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Middle East J Anaesthesiol. 2007 Jun;19(2):429-47.

Changing sedation practices in the intensive care unit--protocol implementation, multifaceted multidisciplinary approach and teamwork.

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1
Intensive Care Department, King Abdulaziz Medical City, King Saud Bin Abdulaziz University, Riyadh, 11426, Saudi Arabia. yaseenarabi@yahoo.com

Abstract

INTRODUCTION:

Sedation protocols have demonstrated effectiveness in improving ICU sedation practices. However, the importance of multifaceted multidisciplinary approach on the success of such protocols has not been fully examined.

METHODS:

The study was conducted in a tertiary care medical-surgical ICU as a prospective, 4-pronged, observational study describing a quality improvement initiative that employs 2 types of controlled comparisons: a "before and after" comparison related to intense education of ICU clinicians and nurses about sedation and analgesia in the ICU, and a comparison of protocolized versus non-protocolized care. Patients were assigned alternatively to receive sedation by a goal-directed protocol using the Riker Sedation-Agitation Scale (SAS) or by standard practice. A multifaceted multidisciplinary educational program was initiated including the use of point of use reminders, directed educational efforts, and opinion leaders. This included several lectures and in-services and the routine availability of at least one member of this group to answer questions. We included all consecutive patients receiving mechanical ventilation, who were judged by their treating team to require intravenous sedation.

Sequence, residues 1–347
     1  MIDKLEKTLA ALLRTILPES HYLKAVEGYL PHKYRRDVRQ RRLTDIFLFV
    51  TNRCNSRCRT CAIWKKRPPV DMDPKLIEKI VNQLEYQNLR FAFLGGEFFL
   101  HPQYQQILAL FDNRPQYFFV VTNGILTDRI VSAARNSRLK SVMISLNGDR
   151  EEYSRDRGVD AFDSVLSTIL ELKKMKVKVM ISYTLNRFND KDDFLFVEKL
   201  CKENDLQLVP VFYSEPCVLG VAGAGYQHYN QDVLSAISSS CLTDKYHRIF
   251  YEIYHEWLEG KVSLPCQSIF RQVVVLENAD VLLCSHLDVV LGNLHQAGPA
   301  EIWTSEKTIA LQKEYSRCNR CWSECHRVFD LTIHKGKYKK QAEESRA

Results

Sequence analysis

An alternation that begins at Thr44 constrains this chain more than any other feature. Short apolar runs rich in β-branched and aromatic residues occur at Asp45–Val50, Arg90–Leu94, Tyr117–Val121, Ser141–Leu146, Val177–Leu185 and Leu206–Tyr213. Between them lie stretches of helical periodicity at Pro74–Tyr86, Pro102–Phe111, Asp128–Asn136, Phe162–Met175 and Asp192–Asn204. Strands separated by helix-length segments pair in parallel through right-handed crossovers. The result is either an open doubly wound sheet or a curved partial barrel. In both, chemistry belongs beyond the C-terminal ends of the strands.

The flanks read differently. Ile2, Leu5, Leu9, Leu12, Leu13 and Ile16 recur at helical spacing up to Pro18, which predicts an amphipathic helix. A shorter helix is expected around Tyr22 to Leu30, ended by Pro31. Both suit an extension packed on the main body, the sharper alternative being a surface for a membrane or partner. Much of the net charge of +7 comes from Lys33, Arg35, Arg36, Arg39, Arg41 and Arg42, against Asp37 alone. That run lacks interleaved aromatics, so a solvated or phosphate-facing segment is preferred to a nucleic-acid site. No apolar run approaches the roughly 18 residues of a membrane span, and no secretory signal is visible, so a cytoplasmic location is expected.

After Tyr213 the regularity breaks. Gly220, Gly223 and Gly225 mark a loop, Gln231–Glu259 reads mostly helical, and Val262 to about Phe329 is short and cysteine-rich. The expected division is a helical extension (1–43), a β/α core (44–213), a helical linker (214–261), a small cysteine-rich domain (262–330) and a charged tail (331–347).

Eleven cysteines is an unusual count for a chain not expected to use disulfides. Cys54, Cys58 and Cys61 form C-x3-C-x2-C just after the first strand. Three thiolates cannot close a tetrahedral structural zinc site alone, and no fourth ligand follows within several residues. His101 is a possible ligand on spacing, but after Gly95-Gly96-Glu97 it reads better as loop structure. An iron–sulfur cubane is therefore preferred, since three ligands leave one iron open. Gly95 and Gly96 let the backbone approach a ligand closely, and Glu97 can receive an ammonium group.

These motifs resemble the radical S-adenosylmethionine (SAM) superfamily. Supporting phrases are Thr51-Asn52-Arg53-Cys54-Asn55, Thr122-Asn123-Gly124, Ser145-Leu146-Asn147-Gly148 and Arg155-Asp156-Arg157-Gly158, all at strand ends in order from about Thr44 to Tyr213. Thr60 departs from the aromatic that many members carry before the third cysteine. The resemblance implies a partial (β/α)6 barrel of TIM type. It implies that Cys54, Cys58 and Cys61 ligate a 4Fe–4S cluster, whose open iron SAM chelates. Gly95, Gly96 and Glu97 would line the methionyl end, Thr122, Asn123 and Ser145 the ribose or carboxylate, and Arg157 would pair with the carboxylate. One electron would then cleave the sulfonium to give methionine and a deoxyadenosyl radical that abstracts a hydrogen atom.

MEASUREMENTS AND MAIN RESULTS:

The following data was collected: demographics, Acute Physiology and Chronic Health Evaluation (APACHE) II score and Simplified Acute Physiology score (SAPS) II, daily doses of analgesics and sedatives, duration of mechanical ventilation, ICU length of stay (LOS) and ventilator associated pneumonia (VAP) incidence. To examine the effect of the multifaceted multidisciplinary approach, we compared the first 3 months to the second 3 months in the following 4 groups: G1 no protocol group in the first 3 months, G2 protocol group in first 3 months, G3 no protocol group in the second 3 months, G4 protocol group in the second 3 months. After ICU day 3, SAS in the groups G2, G3 and G4 became higher than in G1 reflecting "lighter" levels of sedation. There were significant reductions in the use of analgesics and sedatives in the protocol group after 3 months. This was associated with a reduction in VAP rate and trends towards shorter mechanical ventilation duration and hospital length of stay (LOS).

CONCLUSIONS:

The implementation of a multifaceted multidisciplinary approach including the use of point of use reminders, directed educational efforts, and opinion leaders along with sedation protocol led to significant changes in sedation practices and improvement in patients' outcomes. Such approach appears to be critical for the success of ICU sedation protocol.

PMID:
17684883
[Indexed for MEDLINE]
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